The country of Georgia, located to the East of Turkey and South of Russia, is pushing itself forward as an attractive production location.
With its combination of exquisite architecture, dramatic mountain scenery and Black Sea coastline, it undoubtedly offers a wide range of great backdrops – all within a relatively small distance of each other.
The main hub for the media industry is capital Tbilisi, an attractive city with a population of just over 1 million. Here you can find decent hotels and international transport links.
And now the Georgian government has increased the country’s appeal to international productions by introducing a film/TV tax rebate law. For information on what the territory has to offer, a good starting point is The Georgian Film Commission (GFC), which operates under the auspices of the Georgian National Film Centre. The GFC can advise companies on the rebate, permitting, locations and also introduce local production partners.
Georgia hasn’t hosted many high-profile international productions as yet, but a few examples of projects that have visited the country are: 5 Days of August by Renny Harlin; Chantrapas by Otar Ioseliani; Since Otar Left by July Bertuceli and Aviatrix of Kazbek by Ineke.The country also hosted the Indian film Kanche.
In addition there is generally a steady turnover of locally-backed film and TV productions. In 2015, for example, films produced here included Nino Basilia’s Anna’s Life, a Georgian film that was due to stage its world premiere at the Gothenburg Film Festival in January 2016.
Also produced in Georgia last year were Rusudan Glurjidze’s House of Others, Ivane Burduli‘s Summer of Frozen Fountains, Rusudan Pirveli’s Sleeping Lessons and Levan Tutberidze’s Moira.
Coming through now are two co-productions involving Tbilisi-based companies, 20 Steps Productions and Caucasian Film Service, and UK production firm Film & Music Entertainment. These are called How To Sell A War and Dede, which has just finished shooting.
Georgia also hosts documentaries, recent examples including The Dazzling Light Of Sunset and When The Earth Seems To Be Light – both of which are billed as Georgian-German co-productions.
In terms of permitting, the GNFC says the general rule is that “you don't need a permit to film in Georgia”. It goes on to say that there are “no filming restrictions in Georgia. Except for the places of strategic importance, in that case we will have to refer the address and ask for a permission”.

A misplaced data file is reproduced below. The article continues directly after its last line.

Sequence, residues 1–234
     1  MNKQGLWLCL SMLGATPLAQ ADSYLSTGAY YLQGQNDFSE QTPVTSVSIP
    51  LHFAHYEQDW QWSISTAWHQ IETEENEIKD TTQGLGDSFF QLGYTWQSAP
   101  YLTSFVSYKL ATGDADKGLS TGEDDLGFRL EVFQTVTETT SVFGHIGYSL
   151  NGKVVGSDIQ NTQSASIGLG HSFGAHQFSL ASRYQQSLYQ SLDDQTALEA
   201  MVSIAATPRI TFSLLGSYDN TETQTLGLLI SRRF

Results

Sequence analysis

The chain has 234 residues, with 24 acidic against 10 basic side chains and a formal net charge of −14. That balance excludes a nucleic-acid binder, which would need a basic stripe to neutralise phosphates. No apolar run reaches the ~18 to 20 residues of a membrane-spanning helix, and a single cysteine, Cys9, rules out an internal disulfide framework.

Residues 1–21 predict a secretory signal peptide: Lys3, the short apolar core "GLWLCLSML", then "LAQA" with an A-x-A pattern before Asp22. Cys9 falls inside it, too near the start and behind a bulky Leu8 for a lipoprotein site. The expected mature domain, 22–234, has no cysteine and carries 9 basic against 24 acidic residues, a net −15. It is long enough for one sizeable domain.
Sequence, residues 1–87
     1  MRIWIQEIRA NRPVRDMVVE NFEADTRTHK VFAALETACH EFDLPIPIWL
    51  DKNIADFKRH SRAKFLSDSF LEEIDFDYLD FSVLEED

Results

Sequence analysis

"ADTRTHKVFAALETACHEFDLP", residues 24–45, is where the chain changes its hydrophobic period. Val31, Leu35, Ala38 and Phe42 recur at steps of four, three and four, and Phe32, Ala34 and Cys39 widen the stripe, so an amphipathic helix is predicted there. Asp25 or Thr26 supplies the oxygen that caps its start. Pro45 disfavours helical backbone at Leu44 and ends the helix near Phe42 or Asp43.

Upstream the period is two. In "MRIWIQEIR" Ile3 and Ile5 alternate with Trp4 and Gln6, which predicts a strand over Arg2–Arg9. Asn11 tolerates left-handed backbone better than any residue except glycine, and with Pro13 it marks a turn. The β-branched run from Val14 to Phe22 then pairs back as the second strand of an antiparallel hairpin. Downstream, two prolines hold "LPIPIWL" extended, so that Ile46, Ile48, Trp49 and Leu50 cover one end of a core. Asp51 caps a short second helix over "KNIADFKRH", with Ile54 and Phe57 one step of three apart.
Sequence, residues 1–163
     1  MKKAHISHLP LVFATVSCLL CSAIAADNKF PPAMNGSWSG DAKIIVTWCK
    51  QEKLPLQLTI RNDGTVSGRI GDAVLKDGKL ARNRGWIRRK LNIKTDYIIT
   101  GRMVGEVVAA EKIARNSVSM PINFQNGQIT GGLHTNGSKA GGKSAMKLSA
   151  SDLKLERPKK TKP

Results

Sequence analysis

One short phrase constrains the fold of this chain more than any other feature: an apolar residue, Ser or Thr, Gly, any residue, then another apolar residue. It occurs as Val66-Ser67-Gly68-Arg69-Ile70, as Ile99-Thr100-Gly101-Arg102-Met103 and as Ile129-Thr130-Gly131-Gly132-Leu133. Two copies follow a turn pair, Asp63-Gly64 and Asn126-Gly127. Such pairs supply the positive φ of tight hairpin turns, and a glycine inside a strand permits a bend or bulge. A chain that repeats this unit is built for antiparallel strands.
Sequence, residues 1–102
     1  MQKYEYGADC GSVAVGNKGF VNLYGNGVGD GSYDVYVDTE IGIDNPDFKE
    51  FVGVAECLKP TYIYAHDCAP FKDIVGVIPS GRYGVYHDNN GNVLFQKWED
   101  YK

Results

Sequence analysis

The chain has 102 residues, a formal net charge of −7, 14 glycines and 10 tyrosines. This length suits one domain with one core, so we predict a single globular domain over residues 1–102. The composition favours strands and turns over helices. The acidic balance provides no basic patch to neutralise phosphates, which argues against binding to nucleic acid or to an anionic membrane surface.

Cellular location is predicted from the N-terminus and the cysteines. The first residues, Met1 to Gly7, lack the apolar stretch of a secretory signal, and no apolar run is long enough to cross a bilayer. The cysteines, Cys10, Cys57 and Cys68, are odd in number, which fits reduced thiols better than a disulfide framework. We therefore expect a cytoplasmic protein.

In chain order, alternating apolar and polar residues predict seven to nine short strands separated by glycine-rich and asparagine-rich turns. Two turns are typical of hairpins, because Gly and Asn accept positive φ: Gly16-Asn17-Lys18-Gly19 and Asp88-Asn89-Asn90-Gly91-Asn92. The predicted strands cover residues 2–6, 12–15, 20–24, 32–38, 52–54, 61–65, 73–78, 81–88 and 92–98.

The film-friendly regime means places like the subway and airport can be used for filming. Emerge Film Solutions warns, however, that producers should plan ahead if they want access to special locations or are planning complex shoots. “More complicated shoots requiring street closures or large setups can usually be permitted within 3 days. The police department assists with traffic control. Permits for filming ancient churches and monasteries are possible but require more lead time.”
Georgia is not especially well-known for its studios. But it does boast Kartuli Pilmi, also known as J.S.C. Georgian Film. Founded in 1921, the studio is one of world's oldest film studios and claims to have produced “800 feature, made-for-TV and short films, 600 documentaries, and 300 animation movies. During Soviet times, the studio was one of the most active places for film production”.
Sitting on 24 acres of prime land in Tbilisi, it offers several sound stages, recording and editing facilities, various production services, modern equipment and professional crews.
Recent productions to have been based out of the studio include Michel Hazanavicious’ $30m war drama The Search, which competed in Cannes during 2014. Other studios reported to be up and running in Georgia include Caucasian FILMODROM, Studio CGC (Caucasus Global Cinema), Studio Films House and the Georgian Film Joint-Stock Company. But it would be best to check in with the GFC on this subject.
Georgia is known for its beautiful mountains, Black Sea coastal region and orthodox churches. Key locations of interest include the Caucasus Mountains, where you’ll find mountaintop churches, picturesque villages and ski resorts.
There are also national parks such as Borjami-Kharagauli, Lagodekhi, Vashlovani and Tusheti. Capital Tbilisi has interesting locations including the Old Quarter, Svetitskhoveli Cathedral, Holy Trinity Cathedral, Sioni Cathedral and Narikala Fortress. Legacies of the Soviet era are formidable-looking apartment blocks and the unusual Bank of Georgia HQ.
Georgian Film Studio says “Georgia’s diverse landscape is rich with locations: mountains, deserts, subtropics, seashore; places that look (post) Soviet, Eastern European, Middle Eastern, even Afghanistan-like; old castles (type Svaneti or Tusheti in Google), dramatic views matching those of New Zealand, and easy and inexpensive access to the national parks, subways, train stations, and airports.” In terms of climate, Georgia generally has hot summers and mild winters with snow common in mountain areas.
The best months to film are May, June and September because they offer long shooting days without the heat and humidity of July and August. The country has good roads though travelling in the mountains can be slow.
Because of its long cinematic tradition, Georgia has decent English-speaking crews though some specialist talent will need to be flown in. The country also has all the standard camera, grip and lighting equipment that a production is likely to need.
If specialised gear needs to be brought in from abroad, it’s fairly easy to get through customs compared to neighbouring countries. The industry is, however, quite small – so if you are aware that big productions have already gone into Georgia before you it might limit what is available.
For onscreen talent, Georgia can offer a large pool of caucasian and Middle Eastern-looking extras.